A group (IAD, HC) condition (correct, incorrect) ANOVA revealed that IAD subjects displayed a higher activation in ACC (Brodmann's area 24) and a decreased activation in the orbitofrontal cortex (OFC) (Brodmann's area 11) in frontal brain areas when compared to HC (fig. 1, table 2). The beta figure of ACC shows that this difference was caused mostly by the enhanced brain activity in incorrect responses and the decreased brain activity in correct responses in IAD subjects.

TAB02
Table 2. Regional brain activity changes in Internet addicts and HC

FIG01
Fig. 1. Left panel: activation differences in IAD subjects and HC following incorrect responses (p < 0.05, FDR corrected and with extent threshold: k>10 voxels; voxel size = 3×3×3). The figures are shown in different coordinates to give the best view of the results. Right panel: beta figure of ACC in correct and incorrect responses.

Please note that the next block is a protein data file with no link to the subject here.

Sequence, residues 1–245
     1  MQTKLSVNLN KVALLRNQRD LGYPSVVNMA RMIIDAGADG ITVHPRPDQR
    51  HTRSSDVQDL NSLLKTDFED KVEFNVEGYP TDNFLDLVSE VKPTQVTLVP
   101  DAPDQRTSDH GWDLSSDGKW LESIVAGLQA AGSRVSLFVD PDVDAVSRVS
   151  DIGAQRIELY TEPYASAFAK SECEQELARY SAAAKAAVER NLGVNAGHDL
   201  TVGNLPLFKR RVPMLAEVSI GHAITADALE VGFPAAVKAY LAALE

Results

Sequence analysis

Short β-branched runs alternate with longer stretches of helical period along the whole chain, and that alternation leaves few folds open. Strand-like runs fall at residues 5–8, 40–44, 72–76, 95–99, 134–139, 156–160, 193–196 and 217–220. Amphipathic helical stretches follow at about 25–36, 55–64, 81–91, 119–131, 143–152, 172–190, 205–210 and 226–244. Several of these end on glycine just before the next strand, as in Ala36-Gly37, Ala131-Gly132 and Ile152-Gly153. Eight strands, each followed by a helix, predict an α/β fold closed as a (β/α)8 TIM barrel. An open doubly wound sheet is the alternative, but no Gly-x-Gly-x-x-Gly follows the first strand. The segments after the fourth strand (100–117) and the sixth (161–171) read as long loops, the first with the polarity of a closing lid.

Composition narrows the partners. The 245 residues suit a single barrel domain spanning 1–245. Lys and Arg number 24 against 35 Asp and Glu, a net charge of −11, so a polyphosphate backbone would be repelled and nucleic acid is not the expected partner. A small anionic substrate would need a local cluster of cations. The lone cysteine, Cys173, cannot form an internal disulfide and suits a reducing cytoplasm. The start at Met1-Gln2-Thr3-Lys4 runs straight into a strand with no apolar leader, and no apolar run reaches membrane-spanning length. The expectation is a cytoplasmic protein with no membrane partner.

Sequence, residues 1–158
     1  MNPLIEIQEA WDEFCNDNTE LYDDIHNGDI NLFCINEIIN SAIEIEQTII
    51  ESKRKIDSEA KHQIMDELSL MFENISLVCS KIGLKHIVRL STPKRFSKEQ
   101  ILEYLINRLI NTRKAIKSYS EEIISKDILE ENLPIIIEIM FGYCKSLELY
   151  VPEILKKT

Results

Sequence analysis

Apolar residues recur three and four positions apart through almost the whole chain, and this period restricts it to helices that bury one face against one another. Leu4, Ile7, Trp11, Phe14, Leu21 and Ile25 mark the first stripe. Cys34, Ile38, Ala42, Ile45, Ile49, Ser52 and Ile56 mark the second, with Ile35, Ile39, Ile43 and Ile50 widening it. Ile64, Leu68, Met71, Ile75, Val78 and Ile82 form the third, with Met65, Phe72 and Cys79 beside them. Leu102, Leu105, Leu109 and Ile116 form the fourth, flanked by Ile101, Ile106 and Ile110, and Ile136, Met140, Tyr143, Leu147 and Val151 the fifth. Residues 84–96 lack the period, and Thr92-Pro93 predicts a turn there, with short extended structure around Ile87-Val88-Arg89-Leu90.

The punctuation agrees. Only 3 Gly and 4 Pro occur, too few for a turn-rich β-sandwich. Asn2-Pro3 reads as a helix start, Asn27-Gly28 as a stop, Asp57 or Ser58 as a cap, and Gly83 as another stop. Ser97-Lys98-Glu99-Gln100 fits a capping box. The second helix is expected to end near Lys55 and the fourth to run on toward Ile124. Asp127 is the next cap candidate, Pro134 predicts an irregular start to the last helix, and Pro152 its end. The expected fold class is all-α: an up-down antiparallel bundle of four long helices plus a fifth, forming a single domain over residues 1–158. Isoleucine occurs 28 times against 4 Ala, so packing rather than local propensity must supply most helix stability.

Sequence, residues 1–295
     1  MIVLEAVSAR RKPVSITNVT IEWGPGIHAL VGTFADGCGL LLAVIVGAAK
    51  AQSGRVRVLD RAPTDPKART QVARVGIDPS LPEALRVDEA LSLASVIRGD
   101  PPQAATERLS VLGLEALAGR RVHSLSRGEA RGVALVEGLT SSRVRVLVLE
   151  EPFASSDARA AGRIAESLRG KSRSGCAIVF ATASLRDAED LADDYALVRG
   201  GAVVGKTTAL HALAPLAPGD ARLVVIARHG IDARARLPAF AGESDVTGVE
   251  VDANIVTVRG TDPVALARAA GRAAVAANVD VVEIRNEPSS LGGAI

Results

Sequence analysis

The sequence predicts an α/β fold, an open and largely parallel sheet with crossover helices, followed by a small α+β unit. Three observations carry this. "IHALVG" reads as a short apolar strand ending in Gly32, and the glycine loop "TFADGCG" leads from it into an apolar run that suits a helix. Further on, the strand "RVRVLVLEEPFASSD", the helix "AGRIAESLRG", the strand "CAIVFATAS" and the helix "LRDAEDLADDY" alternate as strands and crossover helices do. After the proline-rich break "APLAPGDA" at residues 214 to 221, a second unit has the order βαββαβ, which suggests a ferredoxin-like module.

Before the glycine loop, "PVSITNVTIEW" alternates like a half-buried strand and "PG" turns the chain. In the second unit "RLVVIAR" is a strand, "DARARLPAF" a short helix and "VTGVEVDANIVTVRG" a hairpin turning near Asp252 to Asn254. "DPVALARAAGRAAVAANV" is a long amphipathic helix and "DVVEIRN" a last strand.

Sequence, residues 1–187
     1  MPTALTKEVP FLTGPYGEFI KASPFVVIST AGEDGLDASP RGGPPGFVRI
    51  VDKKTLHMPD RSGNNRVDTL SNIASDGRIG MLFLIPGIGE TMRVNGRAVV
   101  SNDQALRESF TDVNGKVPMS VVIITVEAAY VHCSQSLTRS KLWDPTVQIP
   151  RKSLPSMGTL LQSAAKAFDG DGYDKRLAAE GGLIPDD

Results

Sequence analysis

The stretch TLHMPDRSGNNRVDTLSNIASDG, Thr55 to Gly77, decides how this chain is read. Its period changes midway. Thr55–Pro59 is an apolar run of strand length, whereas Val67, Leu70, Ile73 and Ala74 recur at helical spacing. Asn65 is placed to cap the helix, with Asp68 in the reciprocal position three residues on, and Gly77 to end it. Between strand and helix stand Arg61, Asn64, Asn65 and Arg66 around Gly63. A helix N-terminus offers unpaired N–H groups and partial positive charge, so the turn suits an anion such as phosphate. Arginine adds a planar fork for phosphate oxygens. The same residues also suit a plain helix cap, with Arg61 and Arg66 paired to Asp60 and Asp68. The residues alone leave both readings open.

goto top of outline Correlation Analysis

We analyzed the correlation between error-related ACC activity (beta value) and the IAT scores and accuracy rate. Marginally significant correlation was found between ACC activity and the IAT score (r = 0.381, p = 0.056). No significant correlation was found between ACC activation and accuracy rates in all subjects (r = 0.101, p = 0.263; fig. 2).

FIG02
Fig. 2. Correlation between ACC activation and IAT score in IAD subjects (left panel). Correlation between ACC activation and accuracy rate in all subjects (right panel).

 

goto top of outline Discussion

This study investigated the error-monitoring ability in IAD subjects compared to HC with a Stroop task. The results of this study support to the hypothesis that ACC hyperactivity in IAD plays an important role in the pathogenesis of this disorder.